Recently, Sherwin-Williams’ Industrial Wood Coatings Division invited industry professionals at the AWFS® woodworking fair in Las Vegas to participate in a challenge to determine if they could tell the difference between waterborne and solvent-based finishes. The challenge consisted of 14 wood panels finished in a variety of light and dark stains and paints. Participants were asked to identify which panels were finished with a waterborne topcoat and which with a solvent-based topcoat.

The results show that with the improvements in today’s waterborne finishes, it’s not easy to tell the difference by the look or feel. The results were exactly in line with a random coin toss – 49 percent of responses were incorrect and 51 percent guessed correctly. No participant reached 80 percent, with the highest scorer identifying only 11 correctly.

“The outcome of the Waterborne Challenge is a good indication of what we’ve been saying all along – if you haven’t tried waterborne today, you haven’t tried waterborne,” said Joe Kujawski, Global Director of Marketing, Sherwin-Williams Industrial Wood Coatings. “Shops currently using solvent-based finishes are in for a pleasant surprise when it comes to waterborne coatings. These finishes are light years ahead of what was available even five years ago.”

To support that claim, Sherwin-Williams has developed an infographic that dispels popular myths surrounding waterborne coatings, including:

  • Myth #1 – Waterborne coatings are more expensive than solvent-based coatings;
  • Myth #2 – Products finished in a waterborne coating have a poor look and feel;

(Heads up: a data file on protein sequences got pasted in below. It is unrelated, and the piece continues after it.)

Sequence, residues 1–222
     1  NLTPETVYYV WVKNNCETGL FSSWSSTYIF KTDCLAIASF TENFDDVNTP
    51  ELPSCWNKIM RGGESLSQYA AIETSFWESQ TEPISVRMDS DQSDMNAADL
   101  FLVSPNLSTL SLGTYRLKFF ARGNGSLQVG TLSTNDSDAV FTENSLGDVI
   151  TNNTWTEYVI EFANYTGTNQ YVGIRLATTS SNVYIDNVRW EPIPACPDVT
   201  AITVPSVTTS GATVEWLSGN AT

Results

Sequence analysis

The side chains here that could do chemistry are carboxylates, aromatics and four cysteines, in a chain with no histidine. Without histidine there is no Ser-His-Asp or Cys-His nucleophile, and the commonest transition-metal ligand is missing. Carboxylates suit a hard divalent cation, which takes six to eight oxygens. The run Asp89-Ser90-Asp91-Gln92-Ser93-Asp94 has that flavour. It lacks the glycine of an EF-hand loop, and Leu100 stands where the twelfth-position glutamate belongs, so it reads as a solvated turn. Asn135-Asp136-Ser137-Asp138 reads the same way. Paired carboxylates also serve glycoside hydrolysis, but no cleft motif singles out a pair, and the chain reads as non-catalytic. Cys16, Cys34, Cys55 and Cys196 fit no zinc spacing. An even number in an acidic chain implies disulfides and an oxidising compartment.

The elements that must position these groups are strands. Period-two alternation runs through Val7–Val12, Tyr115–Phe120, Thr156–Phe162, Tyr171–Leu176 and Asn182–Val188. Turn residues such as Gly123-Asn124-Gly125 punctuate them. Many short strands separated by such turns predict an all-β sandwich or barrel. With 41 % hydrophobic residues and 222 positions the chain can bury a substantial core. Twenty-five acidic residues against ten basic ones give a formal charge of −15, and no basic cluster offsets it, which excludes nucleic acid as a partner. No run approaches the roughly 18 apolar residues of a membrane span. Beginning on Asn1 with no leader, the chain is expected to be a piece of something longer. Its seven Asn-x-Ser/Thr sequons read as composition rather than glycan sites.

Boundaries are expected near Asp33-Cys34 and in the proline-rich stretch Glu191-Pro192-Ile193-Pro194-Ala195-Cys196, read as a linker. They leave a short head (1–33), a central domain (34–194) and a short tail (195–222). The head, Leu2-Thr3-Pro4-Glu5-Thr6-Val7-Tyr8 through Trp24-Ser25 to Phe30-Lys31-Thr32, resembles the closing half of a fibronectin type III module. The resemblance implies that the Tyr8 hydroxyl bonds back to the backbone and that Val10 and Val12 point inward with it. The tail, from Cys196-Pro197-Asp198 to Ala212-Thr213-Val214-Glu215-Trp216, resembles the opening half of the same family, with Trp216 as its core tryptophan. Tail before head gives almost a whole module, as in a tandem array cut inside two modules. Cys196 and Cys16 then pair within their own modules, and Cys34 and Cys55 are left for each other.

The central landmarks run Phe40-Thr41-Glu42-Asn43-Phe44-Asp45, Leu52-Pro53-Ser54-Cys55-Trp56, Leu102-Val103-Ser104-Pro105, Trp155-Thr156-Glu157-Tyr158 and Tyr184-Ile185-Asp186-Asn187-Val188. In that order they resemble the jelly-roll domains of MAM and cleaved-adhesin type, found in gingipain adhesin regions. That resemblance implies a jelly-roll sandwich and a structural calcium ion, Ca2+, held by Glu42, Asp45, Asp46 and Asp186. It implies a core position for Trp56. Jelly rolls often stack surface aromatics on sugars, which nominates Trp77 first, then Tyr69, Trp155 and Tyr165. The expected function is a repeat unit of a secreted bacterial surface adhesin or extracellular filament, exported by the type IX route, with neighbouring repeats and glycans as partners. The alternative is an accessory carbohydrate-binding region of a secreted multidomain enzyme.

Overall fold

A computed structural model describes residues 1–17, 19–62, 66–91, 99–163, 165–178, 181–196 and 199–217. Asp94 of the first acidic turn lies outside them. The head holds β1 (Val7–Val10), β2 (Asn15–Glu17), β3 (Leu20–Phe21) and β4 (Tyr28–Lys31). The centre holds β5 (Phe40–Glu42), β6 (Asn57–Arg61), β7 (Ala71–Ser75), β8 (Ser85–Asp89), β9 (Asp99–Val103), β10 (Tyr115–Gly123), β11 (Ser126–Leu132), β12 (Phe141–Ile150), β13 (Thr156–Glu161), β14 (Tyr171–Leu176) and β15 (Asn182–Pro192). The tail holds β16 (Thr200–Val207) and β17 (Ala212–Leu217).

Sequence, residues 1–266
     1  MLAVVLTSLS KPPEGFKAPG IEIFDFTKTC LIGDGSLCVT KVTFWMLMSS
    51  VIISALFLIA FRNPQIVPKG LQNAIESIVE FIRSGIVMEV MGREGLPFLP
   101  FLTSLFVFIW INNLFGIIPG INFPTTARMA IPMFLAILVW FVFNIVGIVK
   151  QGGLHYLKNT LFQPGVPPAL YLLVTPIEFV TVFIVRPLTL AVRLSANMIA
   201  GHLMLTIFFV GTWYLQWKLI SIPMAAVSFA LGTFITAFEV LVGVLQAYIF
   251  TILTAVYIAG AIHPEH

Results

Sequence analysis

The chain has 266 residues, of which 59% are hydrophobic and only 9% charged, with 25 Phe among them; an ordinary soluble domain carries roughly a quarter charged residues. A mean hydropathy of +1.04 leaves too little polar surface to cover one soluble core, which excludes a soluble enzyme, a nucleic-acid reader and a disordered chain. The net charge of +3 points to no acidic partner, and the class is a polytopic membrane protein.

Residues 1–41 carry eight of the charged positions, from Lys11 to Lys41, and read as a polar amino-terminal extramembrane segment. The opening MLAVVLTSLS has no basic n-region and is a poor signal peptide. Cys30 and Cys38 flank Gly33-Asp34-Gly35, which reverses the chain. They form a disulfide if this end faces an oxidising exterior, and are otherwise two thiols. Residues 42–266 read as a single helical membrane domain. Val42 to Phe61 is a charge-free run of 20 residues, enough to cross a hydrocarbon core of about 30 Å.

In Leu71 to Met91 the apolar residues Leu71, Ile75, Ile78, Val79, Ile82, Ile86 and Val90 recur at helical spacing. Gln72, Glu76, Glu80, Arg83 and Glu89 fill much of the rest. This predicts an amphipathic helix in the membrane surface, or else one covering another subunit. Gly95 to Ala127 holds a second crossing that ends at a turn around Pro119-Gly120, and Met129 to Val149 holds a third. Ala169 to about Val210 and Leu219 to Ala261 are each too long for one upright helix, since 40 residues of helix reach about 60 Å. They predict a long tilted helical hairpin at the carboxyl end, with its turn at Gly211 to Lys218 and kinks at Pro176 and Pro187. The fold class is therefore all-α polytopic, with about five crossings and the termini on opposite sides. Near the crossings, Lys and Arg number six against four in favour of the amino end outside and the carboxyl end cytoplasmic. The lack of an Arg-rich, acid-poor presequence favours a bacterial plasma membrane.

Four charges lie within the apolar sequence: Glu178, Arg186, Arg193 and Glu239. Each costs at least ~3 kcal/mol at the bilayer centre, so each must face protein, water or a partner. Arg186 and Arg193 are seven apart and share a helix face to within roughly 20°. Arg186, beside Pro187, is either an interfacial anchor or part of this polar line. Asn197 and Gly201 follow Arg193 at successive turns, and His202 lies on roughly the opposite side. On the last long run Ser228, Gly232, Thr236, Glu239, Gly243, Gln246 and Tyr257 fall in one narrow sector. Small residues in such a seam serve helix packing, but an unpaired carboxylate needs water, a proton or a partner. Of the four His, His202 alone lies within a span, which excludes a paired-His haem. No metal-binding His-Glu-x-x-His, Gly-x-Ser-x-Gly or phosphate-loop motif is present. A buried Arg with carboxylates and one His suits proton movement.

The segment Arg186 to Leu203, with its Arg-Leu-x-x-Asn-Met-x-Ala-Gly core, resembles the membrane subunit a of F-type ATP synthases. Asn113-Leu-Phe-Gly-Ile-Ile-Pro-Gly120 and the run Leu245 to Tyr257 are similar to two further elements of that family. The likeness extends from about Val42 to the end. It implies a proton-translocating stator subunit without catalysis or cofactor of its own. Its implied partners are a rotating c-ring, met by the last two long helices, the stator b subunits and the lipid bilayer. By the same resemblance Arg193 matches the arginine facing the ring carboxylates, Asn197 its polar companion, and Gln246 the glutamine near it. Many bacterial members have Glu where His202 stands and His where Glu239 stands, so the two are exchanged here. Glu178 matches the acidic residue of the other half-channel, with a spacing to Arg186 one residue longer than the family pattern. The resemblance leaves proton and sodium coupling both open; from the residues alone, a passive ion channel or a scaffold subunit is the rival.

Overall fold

• Myth #3 – Waterborne coatings don’t perform as well as solvent-based coatings;
  • Myth #4 – Waterborne coatings won’t help you grow your business.

Several of the articles in this issue of PCI also help to debunk these myths. Clariant focuses on a new water-based intumescent product that protects almost all wood surfaces, including solid wood, medium-density fiberboard, chipboards, plywood and veneered wood. Reichhold’s article discusses a shift from conventional solventborne oil-modified urethane (OMU) technology to waterborne technology. The waterborne OMU retains all of the advantages of the solventborne technology and even overcomes the shortcomings of low-VOC solventborne OMUs. BYK Additives and Instruments discusses two new wetting and dispersing additives that offer viscosity reduction and other advantages in the formulation and application of matted, solvent-free, UV-cure lacquers.  And an article from a retired coatings technologist reports on the development of an innovative class of pollution-free, rapid-dry organic coatings suitable for multiple purposes, but investigated in this issue for architectural wood exteriors.

The innovations keep coming. It will be interesting to see what is possible with waterborne wood coating technology five years from now!